Ash and Lily exchanged a glance, and then did as the voice suggested. They gasped in lungfuls of sharp, cold air.

The church by which they stood boasted a fine spire, tapering away to the delicate lightning conductor, high above the surrounding houses. To the astonishment of the two women, a man was balanced gingerly on a protruding piece of brickwork in the spire. His hands were clutching other mercifully convenient outcrops of stone. The confoundment of the pair of pals was compounded by what this precariously positioned man was wearing. Looking up at the dark mass of the spire, with snow falling down, it was difficult to make out every detail. However, the man, who seemed both tall and chubby, was dressed in a suit similar to those that Ash and Lily had seen in various pubs earlier that evening. It was made of a soft, heavy material, in what appeared to be the brightest red. The edges of his jacket were trimmed with white fur, and the same colour scheme applied to the nightcap-like hat her wore. It was hard to make out facial features beneath the luxuriant full beard, with a white tone that perfectly complemented the fur trim of his outfit.

Lily Quilleash, a 39-year-old graduate working in international finance, inhaled deeply before delivering her assessment of the situation.

‘HE’S REAL!!!!!!!!!!’ she shrieked, the overexcited echo bouncing off the nearby houses.

And he’s probably not deaf,’ Ash chided her friend, making slightly cliched ‘tone it down’ motions with her fingers held out flat.The portly gentleman on the spire adjusted his pince-nez, which were threatening to escape the end of his nose.

‘Ah, yes dear lady, I am indeed real. Though I fear I may not be exactly who you imagine me to be.’

Ash and Lily exchanged a glance. “Red suit, big white beard. Rather a…um……cuddly physique,’ Ash commented, ‘And every time you move, I hear sleigh bells. I hate to jump to conclusions late on Christmas Eve, but you can see why we might think that, you’re, ah…..’

The man on the spire looked down at his clothes, as if viewing them for the first time.

‘Yes, Madam, I do understand why you might have formed such a conclusion. Might I suggest that fashion is not my prime concern right now? From this vantage point, I can spy a ladder lying against the church wall – left there after the tree was erected, I imagine. Would you mind awfully….?’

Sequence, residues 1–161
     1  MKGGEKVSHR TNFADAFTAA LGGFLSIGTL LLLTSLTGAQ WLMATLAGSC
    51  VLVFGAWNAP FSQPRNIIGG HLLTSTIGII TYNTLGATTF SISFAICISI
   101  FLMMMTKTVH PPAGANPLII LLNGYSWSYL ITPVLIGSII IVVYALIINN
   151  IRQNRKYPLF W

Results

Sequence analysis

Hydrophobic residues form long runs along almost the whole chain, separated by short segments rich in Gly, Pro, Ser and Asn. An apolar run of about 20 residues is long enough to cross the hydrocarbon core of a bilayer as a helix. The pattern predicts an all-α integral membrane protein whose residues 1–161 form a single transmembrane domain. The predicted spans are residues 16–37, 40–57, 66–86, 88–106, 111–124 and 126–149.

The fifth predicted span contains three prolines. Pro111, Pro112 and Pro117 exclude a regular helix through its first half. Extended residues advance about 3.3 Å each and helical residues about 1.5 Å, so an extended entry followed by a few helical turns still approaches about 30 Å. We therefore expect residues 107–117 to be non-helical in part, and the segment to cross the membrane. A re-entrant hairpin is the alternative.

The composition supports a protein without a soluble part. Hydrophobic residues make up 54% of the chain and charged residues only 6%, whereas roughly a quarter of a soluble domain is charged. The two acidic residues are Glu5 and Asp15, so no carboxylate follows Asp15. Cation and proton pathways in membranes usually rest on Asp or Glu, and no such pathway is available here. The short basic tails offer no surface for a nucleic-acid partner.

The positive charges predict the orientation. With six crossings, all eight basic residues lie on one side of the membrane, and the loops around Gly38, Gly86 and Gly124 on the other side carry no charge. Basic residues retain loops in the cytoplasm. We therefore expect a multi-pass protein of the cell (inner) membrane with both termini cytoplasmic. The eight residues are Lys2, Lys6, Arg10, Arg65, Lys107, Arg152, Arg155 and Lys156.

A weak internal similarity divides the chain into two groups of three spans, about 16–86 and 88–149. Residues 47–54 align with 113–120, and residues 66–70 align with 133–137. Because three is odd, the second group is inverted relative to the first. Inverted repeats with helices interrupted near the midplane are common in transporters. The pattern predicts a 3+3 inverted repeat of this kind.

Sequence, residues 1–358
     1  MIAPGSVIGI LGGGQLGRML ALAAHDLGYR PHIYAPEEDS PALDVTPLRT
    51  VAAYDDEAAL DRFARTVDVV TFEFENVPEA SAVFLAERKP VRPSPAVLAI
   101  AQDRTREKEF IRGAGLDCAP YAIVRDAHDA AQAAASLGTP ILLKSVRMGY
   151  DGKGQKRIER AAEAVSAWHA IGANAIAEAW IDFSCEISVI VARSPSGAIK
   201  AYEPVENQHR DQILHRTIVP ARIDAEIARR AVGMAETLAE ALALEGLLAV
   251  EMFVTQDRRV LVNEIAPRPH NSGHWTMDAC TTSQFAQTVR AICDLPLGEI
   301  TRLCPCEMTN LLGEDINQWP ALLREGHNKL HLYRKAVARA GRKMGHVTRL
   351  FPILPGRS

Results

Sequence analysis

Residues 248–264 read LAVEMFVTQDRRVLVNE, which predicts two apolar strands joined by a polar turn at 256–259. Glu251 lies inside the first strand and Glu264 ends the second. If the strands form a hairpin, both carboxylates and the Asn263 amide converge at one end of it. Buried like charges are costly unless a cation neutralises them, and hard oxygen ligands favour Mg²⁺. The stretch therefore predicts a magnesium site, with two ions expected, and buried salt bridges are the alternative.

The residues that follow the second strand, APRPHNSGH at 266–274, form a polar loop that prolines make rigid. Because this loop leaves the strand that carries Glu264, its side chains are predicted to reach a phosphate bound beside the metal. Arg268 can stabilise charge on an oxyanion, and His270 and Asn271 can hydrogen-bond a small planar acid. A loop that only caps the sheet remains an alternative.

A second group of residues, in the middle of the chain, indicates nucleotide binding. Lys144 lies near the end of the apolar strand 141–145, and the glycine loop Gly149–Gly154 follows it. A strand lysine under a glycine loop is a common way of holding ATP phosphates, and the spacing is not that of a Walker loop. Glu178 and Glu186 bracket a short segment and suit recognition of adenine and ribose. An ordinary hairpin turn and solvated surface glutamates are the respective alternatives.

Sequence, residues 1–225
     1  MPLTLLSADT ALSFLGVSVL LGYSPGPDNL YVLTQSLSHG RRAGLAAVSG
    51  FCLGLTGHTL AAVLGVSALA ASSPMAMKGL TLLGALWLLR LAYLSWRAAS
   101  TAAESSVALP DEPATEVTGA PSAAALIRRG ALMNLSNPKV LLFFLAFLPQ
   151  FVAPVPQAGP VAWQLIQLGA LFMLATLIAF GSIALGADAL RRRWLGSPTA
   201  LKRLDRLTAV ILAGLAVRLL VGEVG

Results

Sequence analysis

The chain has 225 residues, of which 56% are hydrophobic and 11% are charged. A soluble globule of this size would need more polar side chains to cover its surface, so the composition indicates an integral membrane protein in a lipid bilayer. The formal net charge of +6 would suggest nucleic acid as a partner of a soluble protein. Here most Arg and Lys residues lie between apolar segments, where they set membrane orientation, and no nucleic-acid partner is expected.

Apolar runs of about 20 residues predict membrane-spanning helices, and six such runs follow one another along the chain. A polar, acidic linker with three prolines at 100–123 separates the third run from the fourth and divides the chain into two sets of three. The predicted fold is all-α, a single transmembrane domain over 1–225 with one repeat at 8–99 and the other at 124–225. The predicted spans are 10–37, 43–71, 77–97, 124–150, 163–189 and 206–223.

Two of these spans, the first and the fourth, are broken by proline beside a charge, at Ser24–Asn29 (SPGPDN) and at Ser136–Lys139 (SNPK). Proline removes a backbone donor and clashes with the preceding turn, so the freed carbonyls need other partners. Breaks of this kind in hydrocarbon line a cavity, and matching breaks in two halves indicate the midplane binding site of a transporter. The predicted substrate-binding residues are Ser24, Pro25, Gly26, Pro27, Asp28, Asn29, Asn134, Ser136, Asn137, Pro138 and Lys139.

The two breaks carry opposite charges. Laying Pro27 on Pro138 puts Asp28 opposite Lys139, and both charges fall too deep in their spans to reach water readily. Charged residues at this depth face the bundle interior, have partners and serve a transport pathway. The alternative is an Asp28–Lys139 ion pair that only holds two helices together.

Making middle-class apologetic sounds, more to distract themselves from the strange turn of events, Ash and Lily fetched the ladder. Their attempts to set it safely against the spire were not helped by the fact that each of them had most of the contents of a bottle of Rioja sloshing around inside. Eventually however, they were able to get it into position for the red-suited stranger to achieve a foothold. With an understandable smattering of Oh-Deary-Mes and Heavens-To-Betsys, he made his way to ground level, much to the relief of all concerned.

Now safely on tarmac, the gentleman swept off his red hat, revealing a fine mane of hair, as white as his beard. He bowed low to Ash and Lily.

‘The Reverend Juan Carroon, minister of this chapel, kind ladies,’ he introduced himself. ‘At your service and in your gratitude.’

‘I’m Ash Kinvig,’ said Ash. ‘My over-emphatic friend is Lily Quilleash. If you don’t mind me asking Reverend, what were you doing on the church spire?

‘Oh, a festive folly, Miss Kinvig. Midnight Mass starts soon, and I thought it might be cheering for me to greet the parishioners from the spire, in seasonal garb. Alas, my guy rope untied itself and vanished into the night, leaving me stranded.’

‘That’s guys for you,’ Lily nodded.

Their white-bearded companion produced a gold fob-watch and inspected it. ‘It seems that midnight is not that far off. A busy evening, indeed. If you will excuse me, I have duties to attend to – and once again, many thanks.’ With a beaming smile he set off, not towards the brightly-lit entrance to the church, but around the corner.